Over the past few weeks, we have discussed Habits, Carelessness, Attitude and Behavior and how these can contribute to incidents. Today, let’s take a look at decision making and how we can prevent incidents. Two things to consider when we discuss decision making. Those are you and your decision making process.
It also seems that most of us like to get our work done with the least amount of effort, and as quickly as possible. We all want to get the most work out of the energy we have while working. This is good because it often results in discovering newer and more efficient ways of getting our job completed.
This energy-saving attitude can also be negative if we make a wrong decision and take dangerous shortcuts. All of us, at sometime or another, have exposed ourselves to possible injury by taking a shortcut when, with a little extra effort, we could have done it the safe way. For example, when we were children, we took shortcuts by jumping the fence instead of using the gate. Now that we are adults we do it by crossing the street between the intersections. Why? Because we want to get there as quickly as possible, and use the least amount of energy we can while doing it.
No doubt, the safe way is not always the shortest or quickest way. The safe way usually takes some time and extra effort while the unsafe way often appears to be more efficient at the time. When we are faced with these situations, each one of us will make a conscious decision about what actions we will take next.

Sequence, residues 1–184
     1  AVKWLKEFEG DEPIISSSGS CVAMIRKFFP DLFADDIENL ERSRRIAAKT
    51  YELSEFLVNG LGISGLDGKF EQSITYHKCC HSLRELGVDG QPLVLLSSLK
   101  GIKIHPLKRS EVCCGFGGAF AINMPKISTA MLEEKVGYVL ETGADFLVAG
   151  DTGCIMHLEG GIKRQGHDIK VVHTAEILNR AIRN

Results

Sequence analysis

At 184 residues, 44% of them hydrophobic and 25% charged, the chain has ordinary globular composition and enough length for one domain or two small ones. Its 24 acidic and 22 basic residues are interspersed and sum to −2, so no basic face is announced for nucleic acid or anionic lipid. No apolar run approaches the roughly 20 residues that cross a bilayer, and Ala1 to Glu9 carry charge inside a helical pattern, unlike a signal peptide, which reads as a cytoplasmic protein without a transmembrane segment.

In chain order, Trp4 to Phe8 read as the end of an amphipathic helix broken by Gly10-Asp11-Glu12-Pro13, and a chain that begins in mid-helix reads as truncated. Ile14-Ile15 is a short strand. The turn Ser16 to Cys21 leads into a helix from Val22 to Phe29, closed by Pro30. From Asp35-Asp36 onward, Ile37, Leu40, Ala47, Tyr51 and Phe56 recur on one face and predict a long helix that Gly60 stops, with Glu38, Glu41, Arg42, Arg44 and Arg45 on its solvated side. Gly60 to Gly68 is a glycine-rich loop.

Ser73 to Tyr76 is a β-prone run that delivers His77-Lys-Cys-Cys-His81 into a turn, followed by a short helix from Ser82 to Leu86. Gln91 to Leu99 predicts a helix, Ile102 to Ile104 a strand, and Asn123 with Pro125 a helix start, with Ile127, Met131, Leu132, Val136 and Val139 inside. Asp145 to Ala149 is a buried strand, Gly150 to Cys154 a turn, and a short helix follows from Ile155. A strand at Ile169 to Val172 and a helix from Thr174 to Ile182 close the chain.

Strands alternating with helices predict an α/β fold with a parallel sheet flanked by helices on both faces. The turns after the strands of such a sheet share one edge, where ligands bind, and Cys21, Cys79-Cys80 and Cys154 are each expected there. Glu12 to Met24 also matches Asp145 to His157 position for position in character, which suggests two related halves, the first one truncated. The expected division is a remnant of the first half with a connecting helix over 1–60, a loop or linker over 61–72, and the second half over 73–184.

Sometimes we even talk ourselves into taking an unsafe shortcut by flawed reasoning. We convince ourselves that it is worth taking the risk because we are in a hurry and can probably get away with it this time without being injured or caught. After all, we have done it before without injury.
When you get right down to it though, I don’t think that most of us take shortcuts to save time as much as we do it because the safe way is just too much trouble. Like using the wrong tool because it is too much trouble to get the right one. Like using a chair because it’s too much trouble to go and get a ladder. Or maybe like lifting more than you know is safe because it’s too much trouble to get someone to help you.
You always have a choice, but only you can decide to do it the safe way. The safe way is usually not the shortest or fastest way, but it is your decision.
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